Indonesia: Patients abandoned as doctors stage rally

Many people in Greater Jakarta were unable to receive medical services on Wednesday as doctors were staging a rally to protest the Supreme Court’s decision to send three of their colleagues to prison for malpractice in Manado, North Sulawesi.

Tuti, 30, said she had to cancel her pregnancy check-up at the city-owned Budhi Asih Hospital in East Jakarta because her doctor joined the rally.

“I’m six-months pregnant now. Yesterday I had an appointment for a pregnancy check up at the Cipinang Muara community health center in East Jakarta but I was transferred here. I thought the doctor had not gone to the rally, so I came here,” Tuti said, as quoted by

Budhi Asih Hospital spokesperson Hamonangan Sirait said that the hospital halted its outpatient services because 20 out of its 50 doctors were joining the rally.

“We will continue treating emergency patients as usual even though all the polyclinics are closed temporarily,” he said, adding that five doctors were on duty at the emergency room.

Other patients at the city-owned Koja Hospital in North Jakarta went home without medical treatment.

Koja Hospital president director Togi Asman said that only five out of its 18 polyclinics — pediatric, cardiology, neurology and surgical clinics — were operational with 74 doctors on duty. Wati, 59, who was accompanying his mother Azizah, 80, decided to go back to the hospital next week because they had already waited for too long to see the doctor at the neurology clinic.

“I will come back on Monday because today the line is too long,” said Wati after waiting for four-and-a-half hours.

Meanwhile, Yuni, 37, failed to have a checkup for her baby because the polyclinic was closed. “[The hospital management] told me to come back tomorrow,” said Yuni.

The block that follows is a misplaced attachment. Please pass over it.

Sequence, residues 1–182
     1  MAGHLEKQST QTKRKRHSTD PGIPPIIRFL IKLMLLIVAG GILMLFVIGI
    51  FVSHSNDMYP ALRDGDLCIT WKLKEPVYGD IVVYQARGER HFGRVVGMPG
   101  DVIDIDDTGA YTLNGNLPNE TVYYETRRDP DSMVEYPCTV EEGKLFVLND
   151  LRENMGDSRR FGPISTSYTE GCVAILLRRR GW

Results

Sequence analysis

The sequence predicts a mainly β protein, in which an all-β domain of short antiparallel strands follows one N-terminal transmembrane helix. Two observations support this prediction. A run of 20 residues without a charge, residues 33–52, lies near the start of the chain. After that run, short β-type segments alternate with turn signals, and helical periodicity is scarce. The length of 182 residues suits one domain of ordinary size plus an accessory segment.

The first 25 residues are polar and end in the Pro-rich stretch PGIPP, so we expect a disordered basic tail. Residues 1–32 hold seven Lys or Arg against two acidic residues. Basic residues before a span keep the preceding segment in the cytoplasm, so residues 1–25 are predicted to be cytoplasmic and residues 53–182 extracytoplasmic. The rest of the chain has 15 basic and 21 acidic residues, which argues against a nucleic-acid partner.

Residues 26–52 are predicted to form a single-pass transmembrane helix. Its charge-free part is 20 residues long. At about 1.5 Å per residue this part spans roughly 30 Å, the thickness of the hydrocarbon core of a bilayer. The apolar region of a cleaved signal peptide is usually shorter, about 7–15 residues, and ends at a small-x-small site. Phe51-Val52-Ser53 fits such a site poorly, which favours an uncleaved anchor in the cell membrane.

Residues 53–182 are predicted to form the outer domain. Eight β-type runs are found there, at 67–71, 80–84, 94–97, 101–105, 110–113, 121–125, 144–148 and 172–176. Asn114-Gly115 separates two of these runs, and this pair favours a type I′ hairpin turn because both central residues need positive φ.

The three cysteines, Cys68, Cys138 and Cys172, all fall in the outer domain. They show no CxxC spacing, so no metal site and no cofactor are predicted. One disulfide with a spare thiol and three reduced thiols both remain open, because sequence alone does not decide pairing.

There are seven city-owned hospitals throughout the city that treats between 100 and 200 patients daily on average thanks to the Jakarta Health Card (KJS) free-of-charge service. At least 80 hospitals took part in the healthcare program out of a total of 142 hospitals.

In their rally in Jakarta, hundreds of doctors wore black ribbons on their white coats. They walked from the Hotel Indonesia traffic circle to the Supreme Court building and the Presidential Palace.

In Tangerang, Banten, hundreds of doctors and students of medicine staged a solidarity rally at the Veterans Traffic Circle and at the Tangerang prosecutors office on Jl. TMP Taruna.

Chairman of the Indonesian Doctors Association Zainal Abidin told The Jakarta Post that the total number of doctors joining Wednesday’s rally reached 2,000.

They staged the rally in solidarity to the three doctors — Dewa Ayu Sasiary, Hendry Simanjuntak and Hendy Siagian — who were accused of malpractice against Julia Fransiska Maketey during a caesarian section at the Prof. Kandauw Hospital in Manado. Julia died while her baby survived.

Commenting on the solidarity act, Jakarta Health Agency head Dien Emmawati said at the Slipi community health center in West Jakarta that the rally did not affect services at city-owned hospitals.

“I have checked some hospitals and the situations are under control. The patients seem to be aware that the doctors are staging a rally today, only a few patients are visiting the hospitals,” said Dien, who had a black ribbon on her arm to show her support for the solidarity act.

The city administration, which launched the KJS healthcare program last year, is keen to improve public health services in the capital by, among other efforts, introducing an open-call selection of community health center (puskesmas) heads.